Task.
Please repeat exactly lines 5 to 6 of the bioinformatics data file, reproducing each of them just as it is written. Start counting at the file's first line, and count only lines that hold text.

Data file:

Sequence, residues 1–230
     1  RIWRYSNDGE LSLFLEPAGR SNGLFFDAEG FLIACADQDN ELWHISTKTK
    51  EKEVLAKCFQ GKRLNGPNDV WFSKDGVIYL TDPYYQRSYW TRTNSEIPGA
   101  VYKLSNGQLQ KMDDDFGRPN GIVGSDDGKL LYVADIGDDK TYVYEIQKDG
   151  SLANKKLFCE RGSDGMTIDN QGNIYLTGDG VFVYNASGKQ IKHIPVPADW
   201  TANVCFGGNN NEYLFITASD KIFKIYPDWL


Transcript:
   151  SLANKKLFCE RGSDGMTIDN QGNIYLTGDG VFVYNASGKQ IKHIPVPADW
   201  TANVCFGGNN NEYLFITASD KIFKIYPDWL